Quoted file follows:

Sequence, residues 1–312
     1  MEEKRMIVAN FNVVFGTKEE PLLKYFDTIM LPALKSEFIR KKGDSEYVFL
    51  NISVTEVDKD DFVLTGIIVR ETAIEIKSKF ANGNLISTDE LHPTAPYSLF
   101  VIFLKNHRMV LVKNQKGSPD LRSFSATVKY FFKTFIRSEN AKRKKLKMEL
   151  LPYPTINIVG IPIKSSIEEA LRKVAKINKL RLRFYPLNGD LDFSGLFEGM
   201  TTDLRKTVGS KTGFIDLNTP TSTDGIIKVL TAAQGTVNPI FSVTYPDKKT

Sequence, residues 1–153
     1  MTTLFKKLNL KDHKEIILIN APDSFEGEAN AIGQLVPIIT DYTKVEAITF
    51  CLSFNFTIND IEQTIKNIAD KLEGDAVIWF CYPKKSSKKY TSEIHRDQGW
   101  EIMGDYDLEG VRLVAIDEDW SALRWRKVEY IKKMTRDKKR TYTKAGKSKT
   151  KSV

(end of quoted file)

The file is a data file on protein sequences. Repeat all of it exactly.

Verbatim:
Sequence, residues 1–312
     1  MEEKRMIVAN FNVVFGTKEE PLLKYFDTIM LPALKSEFIR KKGDSEYVFL
    51  NISVTEVDKD DFVLTGIIVR ETAIEIKSKF ANGNLISTDE LHPTAPYSLF
   101  VIFLKNHRMV LVKNQKGSPD LRSFSATVKY FFKTFIRSEN AKRKKLKMEL
   151  LPYPTINIVG IPIKSSIEEA LRKVAKINKL RLRFYPLNGD LDFSGLFEGM
   201  TTDLRKTVGS KTGFIDLNTP TSTDGIIKVL TAAQGTVNPI FSVTYPDKKT

Sequence, residues 1–153
     1  MTTLFKKLNL KDHKEIILIN APDSFEGEAN AIGQLVPIIT DYTKVEAITF
    51  CLSFNFTIND IEQTIKNIAD KLEGDAVIWF CYPKKSSKKY TSEIHRDQGW
   101  EIMGDYDLEG VRLVAIDEDW SALRWRKVEY IKKMTRDKKR TYTKAGKSKT
   151  KSV